Thursday, April 28, 2011

Dissecting a Climbing Mantra

The past four and a half years have seen long weekends, shredded fingertips, sore muscles, and an endless string of pull-ups. I have listened to those further along than I, and continue to learn and develop every day as a climber. Each trip is leaves me with something to finish up next time. Each training session is increasingly brutal, but I am continually amazed by what the body can withstand.

Reaching progressively harder levels has always been my main source of fun and enjoyment of climbing, however throughout the years I have realized that there are two fundamental aspects to acknowledge before I can push myself to the limit. My personal climbing mantra formed from each of these organically settling into their order.

Stay humble.
Stay healthy.
Work hard.

This simple six word reminder has helped tremendously to keep me focused, grounded, and thoroughly psyched.

Stay humble: It's far from coincidence that professional climbers are among the most humble climbers out there. There will always be a stronger or more experienced person to learn from. The second that I stop learning, listening, or observing is the second when my ego will slowly begin take over. Progressing to the next level after the take over is similar to wearing a permanent weight vest.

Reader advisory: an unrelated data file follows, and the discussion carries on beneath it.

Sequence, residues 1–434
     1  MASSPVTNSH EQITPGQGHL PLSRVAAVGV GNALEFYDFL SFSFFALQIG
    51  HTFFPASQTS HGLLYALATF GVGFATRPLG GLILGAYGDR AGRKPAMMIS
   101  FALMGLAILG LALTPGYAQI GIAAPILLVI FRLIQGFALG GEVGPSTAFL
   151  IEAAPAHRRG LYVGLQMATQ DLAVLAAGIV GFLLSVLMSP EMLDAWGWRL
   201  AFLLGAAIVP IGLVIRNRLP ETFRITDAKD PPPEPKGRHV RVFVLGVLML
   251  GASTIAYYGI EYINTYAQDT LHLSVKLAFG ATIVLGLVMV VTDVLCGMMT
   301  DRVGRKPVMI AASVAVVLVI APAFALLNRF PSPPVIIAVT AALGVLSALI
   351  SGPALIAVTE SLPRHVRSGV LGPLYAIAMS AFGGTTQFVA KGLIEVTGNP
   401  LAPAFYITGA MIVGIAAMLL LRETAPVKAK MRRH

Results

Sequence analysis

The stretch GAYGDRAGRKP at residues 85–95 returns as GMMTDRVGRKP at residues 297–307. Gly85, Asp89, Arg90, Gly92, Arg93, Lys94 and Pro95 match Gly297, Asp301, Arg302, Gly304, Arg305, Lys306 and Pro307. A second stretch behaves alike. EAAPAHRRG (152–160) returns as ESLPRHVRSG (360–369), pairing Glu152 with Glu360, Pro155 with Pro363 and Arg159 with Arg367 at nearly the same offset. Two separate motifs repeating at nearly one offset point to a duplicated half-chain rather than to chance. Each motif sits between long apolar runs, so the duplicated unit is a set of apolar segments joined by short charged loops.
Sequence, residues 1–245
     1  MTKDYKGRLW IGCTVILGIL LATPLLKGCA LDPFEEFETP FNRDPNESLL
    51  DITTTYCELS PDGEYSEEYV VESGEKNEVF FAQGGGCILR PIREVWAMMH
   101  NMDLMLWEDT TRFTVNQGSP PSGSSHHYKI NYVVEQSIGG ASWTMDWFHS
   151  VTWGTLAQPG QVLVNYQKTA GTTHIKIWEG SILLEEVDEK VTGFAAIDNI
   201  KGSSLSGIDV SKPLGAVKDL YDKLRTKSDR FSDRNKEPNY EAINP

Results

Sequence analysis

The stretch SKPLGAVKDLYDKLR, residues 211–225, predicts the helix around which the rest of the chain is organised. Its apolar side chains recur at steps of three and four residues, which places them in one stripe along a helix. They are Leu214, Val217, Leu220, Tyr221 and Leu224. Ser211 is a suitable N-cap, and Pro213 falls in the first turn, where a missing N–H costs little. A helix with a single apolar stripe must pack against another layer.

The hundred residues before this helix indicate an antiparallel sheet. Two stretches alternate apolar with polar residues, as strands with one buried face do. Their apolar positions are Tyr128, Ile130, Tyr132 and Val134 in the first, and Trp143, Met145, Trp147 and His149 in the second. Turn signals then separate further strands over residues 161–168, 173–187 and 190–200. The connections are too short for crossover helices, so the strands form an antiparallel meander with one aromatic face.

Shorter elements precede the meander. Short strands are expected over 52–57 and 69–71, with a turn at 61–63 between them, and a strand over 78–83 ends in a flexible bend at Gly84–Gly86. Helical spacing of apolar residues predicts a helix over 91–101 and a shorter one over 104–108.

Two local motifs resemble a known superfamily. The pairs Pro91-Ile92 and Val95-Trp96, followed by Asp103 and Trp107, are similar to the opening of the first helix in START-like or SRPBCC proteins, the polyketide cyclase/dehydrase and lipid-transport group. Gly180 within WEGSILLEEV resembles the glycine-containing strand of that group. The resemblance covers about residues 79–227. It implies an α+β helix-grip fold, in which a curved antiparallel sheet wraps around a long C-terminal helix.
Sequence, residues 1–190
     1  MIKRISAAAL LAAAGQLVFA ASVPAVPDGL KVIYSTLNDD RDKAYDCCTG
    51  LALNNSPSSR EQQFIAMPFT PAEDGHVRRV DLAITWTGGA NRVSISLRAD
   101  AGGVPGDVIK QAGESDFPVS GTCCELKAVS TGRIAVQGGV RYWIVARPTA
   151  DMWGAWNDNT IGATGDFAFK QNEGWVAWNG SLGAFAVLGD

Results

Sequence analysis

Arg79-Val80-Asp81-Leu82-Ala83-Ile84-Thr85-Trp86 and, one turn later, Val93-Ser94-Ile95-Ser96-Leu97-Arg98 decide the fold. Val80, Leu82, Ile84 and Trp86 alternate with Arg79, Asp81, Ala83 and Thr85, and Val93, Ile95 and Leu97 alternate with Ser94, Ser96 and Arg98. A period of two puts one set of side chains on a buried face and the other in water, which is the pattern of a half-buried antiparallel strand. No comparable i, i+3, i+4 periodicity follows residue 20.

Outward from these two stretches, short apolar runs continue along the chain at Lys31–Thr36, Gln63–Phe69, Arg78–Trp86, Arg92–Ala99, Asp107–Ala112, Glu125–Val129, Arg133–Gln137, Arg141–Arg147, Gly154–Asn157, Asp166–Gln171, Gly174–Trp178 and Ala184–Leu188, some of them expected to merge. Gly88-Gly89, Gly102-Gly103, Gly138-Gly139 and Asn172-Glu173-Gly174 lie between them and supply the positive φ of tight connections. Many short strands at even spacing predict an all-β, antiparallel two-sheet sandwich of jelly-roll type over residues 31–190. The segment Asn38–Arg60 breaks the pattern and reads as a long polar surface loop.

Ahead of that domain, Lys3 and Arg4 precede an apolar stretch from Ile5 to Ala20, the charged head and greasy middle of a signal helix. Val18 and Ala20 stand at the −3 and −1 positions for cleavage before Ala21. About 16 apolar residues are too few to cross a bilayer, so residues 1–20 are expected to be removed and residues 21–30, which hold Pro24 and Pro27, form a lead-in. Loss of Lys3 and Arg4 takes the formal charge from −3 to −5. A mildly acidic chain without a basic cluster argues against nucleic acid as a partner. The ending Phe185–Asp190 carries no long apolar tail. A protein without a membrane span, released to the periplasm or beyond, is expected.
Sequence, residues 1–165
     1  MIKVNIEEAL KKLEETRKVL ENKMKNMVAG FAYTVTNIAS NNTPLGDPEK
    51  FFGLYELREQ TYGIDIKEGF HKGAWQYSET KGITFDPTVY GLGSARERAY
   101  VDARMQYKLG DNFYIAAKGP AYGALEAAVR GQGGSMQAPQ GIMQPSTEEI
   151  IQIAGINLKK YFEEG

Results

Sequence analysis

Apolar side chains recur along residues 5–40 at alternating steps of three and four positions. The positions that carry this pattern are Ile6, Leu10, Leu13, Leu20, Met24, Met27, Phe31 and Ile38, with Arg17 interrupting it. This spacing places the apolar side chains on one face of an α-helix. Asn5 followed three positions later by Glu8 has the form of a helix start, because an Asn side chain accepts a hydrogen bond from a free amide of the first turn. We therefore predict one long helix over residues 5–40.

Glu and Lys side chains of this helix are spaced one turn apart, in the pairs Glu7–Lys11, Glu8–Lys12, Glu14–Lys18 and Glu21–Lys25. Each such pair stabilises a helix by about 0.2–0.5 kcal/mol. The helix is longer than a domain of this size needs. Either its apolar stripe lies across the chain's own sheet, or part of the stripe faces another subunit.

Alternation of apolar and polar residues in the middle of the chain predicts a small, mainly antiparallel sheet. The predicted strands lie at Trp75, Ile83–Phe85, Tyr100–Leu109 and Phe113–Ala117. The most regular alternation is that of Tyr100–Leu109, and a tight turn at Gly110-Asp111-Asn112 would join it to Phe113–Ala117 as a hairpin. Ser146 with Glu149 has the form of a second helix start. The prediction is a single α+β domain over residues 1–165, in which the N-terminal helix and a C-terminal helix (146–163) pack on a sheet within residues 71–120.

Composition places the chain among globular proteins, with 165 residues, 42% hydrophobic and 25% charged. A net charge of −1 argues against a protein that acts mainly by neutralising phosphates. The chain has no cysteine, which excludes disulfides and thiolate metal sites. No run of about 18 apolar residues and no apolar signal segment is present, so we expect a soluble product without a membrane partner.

Stay healthy: Healthy can be a lot of things. For me it's a combination of mental and physical health. Keeping this in the back of my head helps me to recognize that I can't climb my hardest every day, and to monitor my body's needs. Simple things like getting enough sleep, maintaining a suitable diet, and keeping stress levels to a minimum are essential before performing at my limit.

Work hard: Without the first two I cannot reach this stage. That said, my aim is to stay in this "work" mode for as long as possible. Regimented training, pulling harder and harder movements, and most importantly celebrating the small breakthroughs have been key in chipping away at harder levels. Sometimes I'll only stick one or two moves in a row on a problem and leave happier than if I had sent. I have the most fun with these small victories and they do wonders for my motivation.

I hope that this very personal and specific mantra spurs you to share your own thoughts on the subject. I look forward to reading them!



  1. LOVE it.
    The climbing mantras I often repeat in my mind (and sometimes aloud) I learned from an old climbing hero of mine, Jared McMillan, back when he used to manage the then "Powerhouse" gym in Vegas.
    "What the mind believes, the body can achieve," is my favorite, followed closely by "success without expectation."
    Max, keep up the psyche and training. I look forward to climbing with you again in the (hopefully near) future.

  2. Thanks Ike!

    I'm glad that you posted because I remember you mentioning the "success without expectation" more than once in Hueco and I thought about it before writing this post. It's a good one.

    I look forward to your return to the states so we can crush. I'm tentatively planning on guiding in Hueco this winter so hopefully I'll see you there!

  3. Success without expectation: